This laboratory examines the physiology of mammalian skeletal muscle and the neuromuscular junction.  The emphasis is to use functional and molecular mechanisms to examine the physiology of mammalian skeletal muscle.  To achieve this goal, the laboratory employs a combination of electrophysiological, optical, pharmacological and biochemical techniques.  For example, this approach has been used to reveal that extracellular ATP, which is released by muscle during exercise, inhibits pathways for the movement of chloride across muscle membranes (chloride channels). Because chloride movement across the membrane acts to buffer the resting membrane potential, the inhibition of chloride channels causes the muscle to become hyperexcitable.  The inhibition of chloride channels by extracellular ATP has implications for muscle fatigue and inherited diseases that affect skeletal muscle function.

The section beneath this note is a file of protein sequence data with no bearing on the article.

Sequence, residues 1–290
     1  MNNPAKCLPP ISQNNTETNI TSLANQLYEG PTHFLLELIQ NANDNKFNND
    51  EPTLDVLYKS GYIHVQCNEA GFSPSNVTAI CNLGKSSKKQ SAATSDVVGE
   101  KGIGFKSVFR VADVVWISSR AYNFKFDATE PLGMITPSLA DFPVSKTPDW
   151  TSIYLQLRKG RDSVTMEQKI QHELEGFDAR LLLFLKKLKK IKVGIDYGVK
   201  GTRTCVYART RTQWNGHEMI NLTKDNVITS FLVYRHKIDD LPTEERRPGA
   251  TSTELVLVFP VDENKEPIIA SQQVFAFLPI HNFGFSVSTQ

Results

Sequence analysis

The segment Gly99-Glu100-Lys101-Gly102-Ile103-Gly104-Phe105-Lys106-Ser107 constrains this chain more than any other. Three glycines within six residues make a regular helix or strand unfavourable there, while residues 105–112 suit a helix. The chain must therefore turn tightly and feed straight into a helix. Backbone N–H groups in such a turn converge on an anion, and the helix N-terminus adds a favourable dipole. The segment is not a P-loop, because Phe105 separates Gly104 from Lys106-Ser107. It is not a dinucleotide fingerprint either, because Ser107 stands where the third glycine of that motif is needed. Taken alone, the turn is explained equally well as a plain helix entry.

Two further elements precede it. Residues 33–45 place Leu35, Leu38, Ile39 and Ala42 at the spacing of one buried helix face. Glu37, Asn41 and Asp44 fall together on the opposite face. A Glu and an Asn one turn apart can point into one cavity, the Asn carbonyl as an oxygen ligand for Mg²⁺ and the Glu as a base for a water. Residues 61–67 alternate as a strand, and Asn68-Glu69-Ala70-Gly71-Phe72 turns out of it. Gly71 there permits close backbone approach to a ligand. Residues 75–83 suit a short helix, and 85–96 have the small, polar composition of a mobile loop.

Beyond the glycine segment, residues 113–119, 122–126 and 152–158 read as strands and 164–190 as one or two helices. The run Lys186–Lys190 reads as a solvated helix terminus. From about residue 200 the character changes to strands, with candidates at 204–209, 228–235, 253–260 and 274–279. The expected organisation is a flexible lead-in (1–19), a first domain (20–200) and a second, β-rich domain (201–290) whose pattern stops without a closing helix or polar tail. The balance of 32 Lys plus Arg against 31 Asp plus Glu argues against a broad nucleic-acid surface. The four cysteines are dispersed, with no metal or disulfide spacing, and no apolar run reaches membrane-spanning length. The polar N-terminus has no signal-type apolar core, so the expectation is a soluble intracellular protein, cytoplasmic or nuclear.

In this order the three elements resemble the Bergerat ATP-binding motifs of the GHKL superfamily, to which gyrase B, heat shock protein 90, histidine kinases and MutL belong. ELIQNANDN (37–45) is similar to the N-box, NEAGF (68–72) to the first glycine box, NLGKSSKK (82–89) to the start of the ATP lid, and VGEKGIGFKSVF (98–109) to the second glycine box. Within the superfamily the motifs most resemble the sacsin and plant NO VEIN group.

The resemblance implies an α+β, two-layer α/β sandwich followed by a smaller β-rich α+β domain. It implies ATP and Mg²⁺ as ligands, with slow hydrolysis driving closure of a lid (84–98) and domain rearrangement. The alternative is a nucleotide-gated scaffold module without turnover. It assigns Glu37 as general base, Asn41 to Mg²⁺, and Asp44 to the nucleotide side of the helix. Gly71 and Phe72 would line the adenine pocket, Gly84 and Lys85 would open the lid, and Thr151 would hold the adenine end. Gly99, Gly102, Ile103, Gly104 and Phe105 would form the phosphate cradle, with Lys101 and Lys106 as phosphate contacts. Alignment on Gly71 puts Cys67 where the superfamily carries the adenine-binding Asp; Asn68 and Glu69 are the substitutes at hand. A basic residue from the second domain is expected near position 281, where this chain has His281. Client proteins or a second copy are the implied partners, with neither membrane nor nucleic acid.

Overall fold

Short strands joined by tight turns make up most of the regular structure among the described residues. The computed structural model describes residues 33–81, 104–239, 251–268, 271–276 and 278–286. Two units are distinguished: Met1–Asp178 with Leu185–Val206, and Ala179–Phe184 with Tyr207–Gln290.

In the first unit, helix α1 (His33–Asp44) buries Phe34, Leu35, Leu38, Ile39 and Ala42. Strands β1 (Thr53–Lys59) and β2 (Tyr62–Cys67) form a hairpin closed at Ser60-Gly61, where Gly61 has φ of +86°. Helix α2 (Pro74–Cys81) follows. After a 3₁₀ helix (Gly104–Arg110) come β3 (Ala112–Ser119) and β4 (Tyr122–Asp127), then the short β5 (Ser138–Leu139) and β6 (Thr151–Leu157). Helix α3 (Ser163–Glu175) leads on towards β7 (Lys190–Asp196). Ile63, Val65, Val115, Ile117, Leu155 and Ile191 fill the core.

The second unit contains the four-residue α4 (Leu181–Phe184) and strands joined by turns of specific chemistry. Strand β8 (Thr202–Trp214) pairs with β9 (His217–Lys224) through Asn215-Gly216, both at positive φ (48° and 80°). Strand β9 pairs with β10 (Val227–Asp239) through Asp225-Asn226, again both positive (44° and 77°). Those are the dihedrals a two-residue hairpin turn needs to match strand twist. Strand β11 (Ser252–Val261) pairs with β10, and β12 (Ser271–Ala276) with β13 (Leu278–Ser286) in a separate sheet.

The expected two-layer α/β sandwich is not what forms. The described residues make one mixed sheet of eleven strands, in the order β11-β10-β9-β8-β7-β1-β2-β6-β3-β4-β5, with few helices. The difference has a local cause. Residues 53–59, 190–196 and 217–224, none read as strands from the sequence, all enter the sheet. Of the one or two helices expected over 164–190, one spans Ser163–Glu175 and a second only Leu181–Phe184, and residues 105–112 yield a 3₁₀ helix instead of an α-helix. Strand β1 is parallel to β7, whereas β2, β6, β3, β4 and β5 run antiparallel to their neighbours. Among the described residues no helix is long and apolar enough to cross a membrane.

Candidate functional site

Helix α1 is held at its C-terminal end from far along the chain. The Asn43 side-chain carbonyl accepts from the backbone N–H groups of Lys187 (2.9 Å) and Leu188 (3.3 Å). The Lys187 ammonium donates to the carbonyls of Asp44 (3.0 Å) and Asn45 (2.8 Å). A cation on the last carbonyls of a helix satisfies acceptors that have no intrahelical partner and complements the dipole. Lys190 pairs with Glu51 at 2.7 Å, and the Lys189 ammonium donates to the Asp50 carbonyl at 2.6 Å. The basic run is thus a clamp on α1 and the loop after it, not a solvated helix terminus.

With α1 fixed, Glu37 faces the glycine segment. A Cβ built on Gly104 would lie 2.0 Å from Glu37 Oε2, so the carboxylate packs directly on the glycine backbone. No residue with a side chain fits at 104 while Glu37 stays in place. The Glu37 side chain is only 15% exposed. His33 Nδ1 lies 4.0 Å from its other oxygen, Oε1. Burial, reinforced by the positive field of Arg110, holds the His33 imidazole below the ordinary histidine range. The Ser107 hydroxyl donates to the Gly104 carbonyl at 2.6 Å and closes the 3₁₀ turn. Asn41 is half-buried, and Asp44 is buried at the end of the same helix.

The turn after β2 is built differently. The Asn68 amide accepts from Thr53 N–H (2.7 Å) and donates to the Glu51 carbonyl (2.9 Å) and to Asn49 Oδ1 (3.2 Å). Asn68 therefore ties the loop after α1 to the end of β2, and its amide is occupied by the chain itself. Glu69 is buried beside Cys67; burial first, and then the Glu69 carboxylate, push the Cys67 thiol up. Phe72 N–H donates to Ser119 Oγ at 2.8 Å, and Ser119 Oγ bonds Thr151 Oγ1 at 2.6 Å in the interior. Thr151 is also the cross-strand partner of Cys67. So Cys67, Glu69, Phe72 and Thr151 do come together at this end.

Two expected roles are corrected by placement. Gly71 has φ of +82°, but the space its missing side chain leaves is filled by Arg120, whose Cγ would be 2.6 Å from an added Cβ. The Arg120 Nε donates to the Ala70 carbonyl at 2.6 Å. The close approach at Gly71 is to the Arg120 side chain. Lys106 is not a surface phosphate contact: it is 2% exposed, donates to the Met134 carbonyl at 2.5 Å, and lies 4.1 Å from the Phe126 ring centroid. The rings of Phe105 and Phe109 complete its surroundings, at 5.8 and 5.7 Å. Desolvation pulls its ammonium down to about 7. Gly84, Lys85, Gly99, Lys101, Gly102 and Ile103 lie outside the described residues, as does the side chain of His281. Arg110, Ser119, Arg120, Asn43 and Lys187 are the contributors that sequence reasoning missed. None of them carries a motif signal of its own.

The current goals of the laboratory are to determine each step of the molecular mechanism that links extracellular ATP to the inhibition of chloride channels and to determine exactly how this molecular mechanism influences skeletal muscle physiology.

Additionally, we have started examining skeletal muscle dysfunction in Huntington's disease.

Huntington's disease is a fatal degernative disorder characterized by severe cognitive and motor defects. Using the techniques described above, we are examining potential causes of the motor defects.

Current projects in the lab include:

  • Purinergic signaling in mammalian muscle
  • Skeletal muscle dysfunction in Huntington's disease

Lab location: Building 8 Room: 28 Phone: (909) 869-2463